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Thoracic Radiation Injury Murine Model for Pulmonary Fibrosis

D McIlrath1*, C Perez-Torres2 , (1) Purdue Univ, West Lafayette, IN, (2) Purdue University, West Lafayette, IN


(Sunday, 7/14/2019)  

Room: ePoster Forums

Purpose: Radiation-induced lung injury (RILI) is a common sequelae in the setting of lung and breast cancer. Often, patients who suffer from RILI experience pneumonitis and pulmonary fibrosis months after treatment. These pathologies have commonly been modeled using mice and observing their deterioration until mortality, then quantifying pathology on histological sections.

Methods: With this study, we attempt to use longitudinal microCT to characterize male C57Bl/6 mice irradiated with a single dose of 20 Gy to the whole thoracic area delivered by an X-Rad cabinet irradiator. CT was performed with a 4 minute respiratory gating sequence at 2 to 4 week timepoints to construct a timeline of pathology leading up to fibrosis and, additionally, to quantify severity of fibrosis afterwards. Images were analyzed on ITK-SNAP to segment anatomy and pathology using their machine learning algorithm. Histology was later performed using H&E and Trichrome stains to provide ex-vivo verification of pathology.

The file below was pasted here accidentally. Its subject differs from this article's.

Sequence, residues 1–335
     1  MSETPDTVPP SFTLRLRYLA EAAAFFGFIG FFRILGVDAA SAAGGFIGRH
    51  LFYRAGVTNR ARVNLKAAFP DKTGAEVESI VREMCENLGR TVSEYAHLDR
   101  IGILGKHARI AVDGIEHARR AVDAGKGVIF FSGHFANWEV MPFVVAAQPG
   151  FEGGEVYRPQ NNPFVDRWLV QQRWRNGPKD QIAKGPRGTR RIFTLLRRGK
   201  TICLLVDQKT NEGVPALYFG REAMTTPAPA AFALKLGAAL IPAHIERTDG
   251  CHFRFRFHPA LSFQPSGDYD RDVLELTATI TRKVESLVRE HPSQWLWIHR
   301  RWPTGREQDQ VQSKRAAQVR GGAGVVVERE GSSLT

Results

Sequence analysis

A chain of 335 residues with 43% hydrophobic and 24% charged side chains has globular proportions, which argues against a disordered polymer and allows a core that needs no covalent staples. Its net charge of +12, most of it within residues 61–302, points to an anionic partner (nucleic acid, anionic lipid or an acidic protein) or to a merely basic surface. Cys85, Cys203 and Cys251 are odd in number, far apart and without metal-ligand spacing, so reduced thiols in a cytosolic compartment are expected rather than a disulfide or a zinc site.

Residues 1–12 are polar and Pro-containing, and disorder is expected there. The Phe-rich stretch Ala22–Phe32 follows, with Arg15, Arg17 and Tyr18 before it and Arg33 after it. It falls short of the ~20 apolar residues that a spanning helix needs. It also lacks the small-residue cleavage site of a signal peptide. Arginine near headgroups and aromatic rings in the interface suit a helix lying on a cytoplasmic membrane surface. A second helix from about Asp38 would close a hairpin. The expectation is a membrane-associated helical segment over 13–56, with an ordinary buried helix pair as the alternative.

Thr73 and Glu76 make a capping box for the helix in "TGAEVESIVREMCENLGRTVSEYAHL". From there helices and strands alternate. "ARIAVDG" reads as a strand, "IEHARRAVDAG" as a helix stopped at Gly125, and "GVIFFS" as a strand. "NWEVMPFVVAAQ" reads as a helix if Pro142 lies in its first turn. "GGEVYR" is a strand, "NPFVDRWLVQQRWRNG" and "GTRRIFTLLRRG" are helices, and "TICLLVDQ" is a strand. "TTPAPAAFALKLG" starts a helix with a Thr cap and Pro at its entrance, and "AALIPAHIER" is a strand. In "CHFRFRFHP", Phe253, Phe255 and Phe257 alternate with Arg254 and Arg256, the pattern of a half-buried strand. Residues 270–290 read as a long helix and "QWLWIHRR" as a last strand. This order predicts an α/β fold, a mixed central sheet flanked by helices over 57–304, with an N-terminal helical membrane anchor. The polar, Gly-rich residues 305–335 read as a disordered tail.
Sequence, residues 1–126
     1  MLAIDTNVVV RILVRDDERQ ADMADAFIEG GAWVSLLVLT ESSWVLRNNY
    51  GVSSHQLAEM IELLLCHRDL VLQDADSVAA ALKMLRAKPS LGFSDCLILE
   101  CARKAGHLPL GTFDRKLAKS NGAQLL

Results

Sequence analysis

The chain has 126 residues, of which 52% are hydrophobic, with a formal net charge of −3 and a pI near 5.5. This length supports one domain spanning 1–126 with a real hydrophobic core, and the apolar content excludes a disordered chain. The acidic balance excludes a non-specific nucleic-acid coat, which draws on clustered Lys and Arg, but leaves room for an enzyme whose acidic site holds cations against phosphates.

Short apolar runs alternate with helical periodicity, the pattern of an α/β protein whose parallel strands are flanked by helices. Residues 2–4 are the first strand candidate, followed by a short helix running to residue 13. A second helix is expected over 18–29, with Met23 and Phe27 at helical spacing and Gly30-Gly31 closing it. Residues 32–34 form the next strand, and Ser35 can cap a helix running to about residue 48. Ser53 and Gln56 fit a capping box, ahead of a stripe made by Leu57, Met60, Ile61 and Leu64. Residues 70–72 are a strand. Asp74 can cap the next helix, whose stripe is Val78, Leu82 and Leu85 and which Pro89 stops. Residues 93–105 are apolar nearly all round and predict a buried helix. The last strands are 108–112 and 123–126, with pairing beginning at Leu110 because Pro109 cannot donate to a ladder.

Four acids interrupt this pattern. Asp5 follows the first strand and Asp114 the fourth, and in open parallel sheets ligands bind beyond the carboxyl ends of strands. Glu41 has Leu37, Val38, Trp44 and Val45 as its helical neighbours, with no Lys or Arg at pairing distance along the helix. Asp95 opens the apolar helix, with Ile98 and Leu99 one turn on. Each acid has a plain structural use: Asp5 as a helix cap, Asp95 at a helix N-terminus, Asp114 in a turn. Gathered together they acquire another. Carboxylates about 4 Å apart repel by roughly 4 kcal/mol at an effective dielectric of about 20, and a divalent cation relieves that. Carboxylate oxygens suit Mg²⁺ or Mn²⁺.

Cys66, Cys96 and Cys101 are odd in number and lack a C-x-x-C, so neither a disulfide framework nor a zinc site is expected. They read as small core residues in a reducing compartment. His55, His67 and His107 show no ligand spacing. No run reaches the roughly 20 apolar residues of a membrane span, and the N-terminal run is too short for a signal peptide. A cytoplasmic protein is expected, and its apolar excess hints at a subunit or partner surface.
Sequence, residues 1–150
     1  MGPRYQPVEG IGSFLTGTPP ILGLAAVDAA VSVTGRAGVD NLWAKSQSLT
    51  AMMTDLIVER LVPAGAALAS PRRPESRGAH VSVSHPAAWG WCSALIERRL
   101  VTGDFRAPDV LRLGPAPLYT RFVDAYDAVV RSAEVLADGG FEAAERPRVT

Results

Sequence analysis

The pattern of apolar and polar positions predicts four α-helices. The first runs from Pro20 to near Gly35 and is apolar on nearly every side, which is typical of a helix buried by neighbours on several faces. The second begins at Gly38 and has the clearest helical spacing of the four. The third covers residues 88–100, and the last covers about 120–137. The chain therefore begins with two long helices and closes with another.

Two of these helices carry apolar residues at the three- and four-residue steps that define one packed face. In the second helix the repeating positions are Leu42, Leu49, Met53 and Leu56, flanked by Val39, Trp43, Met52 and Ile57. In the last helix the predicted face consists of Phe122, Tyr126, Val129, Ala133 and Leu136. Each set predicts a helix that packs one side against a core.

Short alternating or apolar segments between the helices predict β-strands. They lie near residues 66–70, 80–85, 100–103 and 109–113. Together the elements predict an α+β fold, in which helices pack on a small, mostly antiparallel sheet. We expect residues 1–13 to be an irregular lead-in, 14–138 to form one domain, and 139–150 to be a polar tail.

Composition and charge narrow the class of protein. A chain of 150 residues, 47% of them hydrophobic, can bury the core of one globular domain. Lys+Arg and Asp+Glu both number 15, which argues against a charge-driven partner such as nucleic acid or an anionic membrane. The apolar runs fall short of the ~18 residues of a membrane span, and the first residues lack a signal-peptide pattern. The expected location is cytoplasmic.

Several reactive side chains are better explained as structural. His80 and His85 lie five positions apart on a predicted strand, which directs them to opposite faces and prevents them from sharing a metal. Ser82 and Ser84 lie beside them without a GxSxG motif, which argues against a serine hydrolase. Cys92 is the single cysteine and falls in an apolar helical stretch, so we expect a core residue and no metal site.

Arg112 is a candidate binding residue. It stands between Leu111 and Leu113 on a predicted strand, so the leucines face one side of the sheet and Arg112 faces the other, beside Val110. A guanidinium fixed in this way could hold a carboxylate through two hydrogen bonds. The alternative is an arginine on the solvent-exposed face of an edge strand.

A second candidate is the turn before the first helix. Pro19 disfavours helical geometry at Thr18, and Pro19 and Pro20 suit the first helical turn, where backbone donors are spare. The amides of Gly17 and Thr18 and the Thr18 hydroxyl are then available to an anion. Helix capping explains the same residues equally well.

Results: At the 4-6 week timepoint, observable physical pathology occurred – most notably alopecia and erythemea. CT images showed little lung pathology at that time, but later timepoints – closer to 12 weeks – showed areas within the lung of hyperintense nodules, expanding over time. Figure 1 shows CT images of a mouse who exhibited this pathology 18 weeks post-irradiation.

Conclusion: The hyperintense nodules were believed to be fibrotic tissue, and histology confirmed collagen production localized to tissue near the bronchi – correlated with the hyperintense areas on the CT images. Mice that survived to later timepoints showed exponential deterioration of their health and exponential progression of pulmonary fibrosis. Mice eventually exhibited extreme lethargy as a precursor to death if not euthanized before mortality.


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